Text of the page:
AWANA Now Teaching Children to Hear the Voice of God?

“It is important to remember that a conversation involves two people talking.  We need to make sure that we are taking time to listen to God speak to us too.” Apparently that is how AWANA Club students are being instructed to hear extra-biblical voices. But the Bible never tells us to pray this way. When […]

ZeroHedge Frontrunning: May 9

  • Yates warned Trump over Flynn blackmail fears (Read More)
  • Former Trump security aide was Russia blackmail risk: ex-U.S. official (Read More)
  • Visiting the White House Can Boost Your Stock Price. So Who’s Visiting Trump? (Read More)
  • Investors Lighten Up on U.S. Stocks, Betting on Europe (Read More)
  • Oil steadies but rattled by concern about OPEC’s clout (Read More)
  • GOP Confronts Backlash Over Health Bill (Read More)
  • Macron’s Next Test: Winning Control of France’s Parliament (Read More)
  • French ex-prime minister Valls offers to back Macron in June elections (Read More)
  • Buying Spree Brings Attention to Opaque Chinese Company (Read More)
  • Iron Ore Sags Again as Forced-Sale Speculation Gathers Momentum (Read More)
  • Elliott Takes Akzo Nobel to Court to Oust Chairman in PPG Bid Battle (Read More)
  • Russia showcases Arctic hardware in Red Square military parade (Read More)
  • SEC Probes Rental Home Values Backing Private-Equity Bond Deals (Read More)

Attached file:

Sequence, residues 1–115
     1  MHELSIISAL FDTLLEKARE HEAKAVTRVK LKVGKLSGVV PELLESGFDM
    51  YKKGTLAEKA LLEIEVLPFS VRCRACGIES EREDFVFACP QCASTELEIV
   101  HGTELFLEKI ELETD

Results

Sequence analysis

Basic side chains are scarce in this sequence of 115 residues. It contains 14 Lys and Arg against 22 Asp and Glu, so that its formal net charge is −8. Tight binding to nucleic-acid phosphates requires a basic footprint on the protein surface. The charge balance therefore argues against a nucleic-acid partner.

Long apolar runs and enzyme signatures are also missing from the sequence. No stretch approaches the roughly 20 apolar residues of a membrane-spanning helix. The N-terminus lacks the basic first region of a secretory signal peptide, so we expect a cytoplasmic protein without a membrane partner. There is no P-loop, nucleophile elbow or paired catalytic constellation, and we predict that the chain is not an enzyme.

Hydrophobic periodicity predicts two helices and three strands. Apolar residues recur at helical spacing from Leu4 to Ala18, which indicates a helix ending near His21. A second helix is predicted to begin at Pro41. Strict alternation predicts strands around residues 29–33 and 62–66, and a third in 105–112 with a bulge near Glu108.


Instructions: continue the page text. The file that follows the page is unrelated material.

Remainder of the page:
• Chicago Police Warn Officers of Assault-Style Weapons Threat (Read More)
  • Racist soldier’s militant double life shocks Germany (Read More)
  • Qatar says Syria ‘de-escalation’ plan not an alternative to political transition (Read More)
  • Jakarta’s Christian governor jailed for blasphemy against Islam (Read More)
  • Amazon Plans to Unveil New Echo (Read More)
  • Venezuelans Accused of Rebellion Are Hauled Into Military Court (Read More)
  • Turks in Germany won’t be allowed to vote on death penalty: Merkel (Read More)
  • Germany detains third man suspected of planning ‘extremist’ attack (Read More)
  • Refugee Turned Fintech Chief Aims to Upend a $444 Billion Market (Read More)

Featured Blogs

Top Headlines – 5/9/2017

Carl Bernstein calls Israel the ‘epicenter’ of today’s geopolitics – any serious journalist who wants to understand the world needs to understand Israel

Shaked: When two-state deal goes nowhere, Trump will think out of the box

Jewish Trump confidant: US president has convinced Abbas to make concessions

Archbishop of Canterbury says Mideast peace talks may need to include Hamas

US Embassy in Saudi Arabia posts video editing out Israel from Trump’s trip